Farmers in Puerto Rico are still reeling from the devastation from Hurricane Maria. Many coffee, banana and tobacco crops are lost, as is a lot of livestock.
On Saturday, Elizabeth Cuevas-Neunder, the CEO and founder of the Puerto Rican Chamber of Commerce of Florida, will deliver 50,000 beans, vegetable and fruit seeds directly to farmers who need them to start over.
“The seeds give an opportunity to our farmers to get busy growing the products that they are going to need to feed themselves, their families and also others, because they’ll be able to sell the products,” she said.
Maria destroyed 80 percent of Puerto Rico’s crops and caused roughly $780 million in damage, according to the Puerto Rican Chamber of Commerce of Florida. The Sarasota-based nonprofit group has been working with farmers for 12 years to export products to Florida.
Cuevas-Neunder said she’s only reached 50 of the 180 farmers she worked with before the hurricane. Electricity and phone lines are still out.
Cuevas-Neunder, 63, began collecting seed donations just before she learned that her brother died of a heart condition after he was taken to a hospital that was still without electricity weeks after the hurricane.
When she returned to her small hometown in western Puerto Rico four months ago, she found the bridges were gone and the rivers surrounding the town took whole houses away. But the worst damage was to the local farmers.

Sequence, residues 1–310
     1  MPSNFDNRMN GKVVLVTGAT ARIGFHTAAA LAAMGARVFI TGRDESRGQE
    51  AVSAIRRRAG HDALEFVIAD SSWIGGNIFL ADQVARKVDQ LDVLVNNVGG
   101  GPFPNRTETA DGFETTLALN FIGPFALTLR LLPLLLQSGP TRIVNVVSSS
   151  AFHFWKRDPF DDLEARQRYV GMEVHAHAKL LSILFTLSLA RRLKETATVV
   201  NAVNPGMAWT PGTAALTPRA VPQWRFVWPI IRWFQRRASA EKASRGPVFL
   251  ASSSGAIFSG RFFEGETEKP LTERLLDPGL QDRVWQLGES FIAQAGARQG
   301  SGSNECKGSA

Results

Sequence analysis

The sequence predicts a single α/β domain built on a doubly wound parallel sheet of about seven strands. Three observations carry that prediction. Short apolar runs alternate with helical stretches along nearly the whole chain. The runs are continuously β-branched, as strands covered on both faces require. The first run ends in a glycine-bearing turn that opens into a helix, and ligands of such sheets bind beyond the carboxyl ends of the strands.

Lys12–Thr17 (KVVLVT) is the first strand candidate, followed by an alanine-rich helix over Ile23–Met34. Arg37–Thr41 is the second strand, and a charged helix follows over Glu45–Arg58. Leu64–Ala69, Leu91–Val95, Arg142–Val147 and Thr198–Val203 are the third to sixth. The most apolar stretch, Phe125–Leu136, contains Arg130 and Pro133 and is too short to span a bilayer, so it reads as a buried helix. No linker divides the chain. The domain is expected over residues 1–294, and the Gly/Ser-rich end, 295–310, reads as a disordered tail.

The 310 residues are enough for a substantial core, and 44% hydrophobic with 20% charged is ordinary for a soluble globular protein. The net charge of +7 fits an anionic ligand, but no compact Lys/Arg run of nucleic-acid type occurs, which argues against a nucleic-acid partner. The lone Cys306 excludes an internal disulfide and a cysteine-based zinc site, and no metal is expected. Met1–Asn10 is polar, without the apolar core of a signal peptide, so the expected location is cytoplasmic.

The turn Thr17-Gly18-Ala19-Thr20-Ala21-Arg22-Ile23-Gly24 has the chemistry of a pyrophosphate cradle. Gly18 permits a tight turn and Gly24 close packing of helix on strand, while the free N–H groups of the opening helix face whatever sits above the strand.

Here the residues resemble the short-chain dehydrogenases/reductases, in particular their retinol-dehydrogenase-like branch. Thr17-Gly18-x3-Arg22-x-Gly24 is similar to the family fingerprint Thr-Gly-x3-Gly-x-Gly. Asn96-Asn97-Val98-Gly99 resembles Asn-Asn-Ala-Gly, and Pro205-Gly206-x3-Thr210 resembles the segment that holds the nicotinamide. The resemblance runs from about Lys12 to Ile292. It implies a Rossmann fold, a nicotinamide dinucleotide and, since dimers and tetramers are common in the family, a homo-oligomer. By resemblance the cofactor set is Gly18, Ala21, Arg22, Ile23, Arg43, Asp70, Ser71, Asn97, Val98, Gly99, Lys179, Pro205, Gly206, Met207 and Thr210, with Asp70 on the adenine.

“Everything was in terrible, terrible shape. And my little town, Utuado, had been completely demolished,” she said.
Many farmers in the region had to rely on the kindness of neighbors and strangers to survive.
“It was so hard to see your hometown, where you grew up never hearing about hurricanes, completely gone,” she said. “It’s such a beautiful town, surrounded my mountains with two big lakes and a lot of rivers and streams. When you go up the mountains, you can still see the clouds blanket the whole region.”
The last time she made contact with friends and family, she said the recent rain has brought the flowers back.
“When I go back, I expect to find a lot of people willing and able to get their hands dirty and move on to help those who are still in need,” she said.
While the island has received food, water and monetary donations, she feels the government hasn’t done enough to get those resources to the people.
To Cuevas-Neunder, the seeds represent a “Band-Aid” for the island, until its people can get back on their feed.
“When you plant a seed, you and and put the care you need to see it grow. It gives farmers a reminder to remember how important they are to the world,” she said.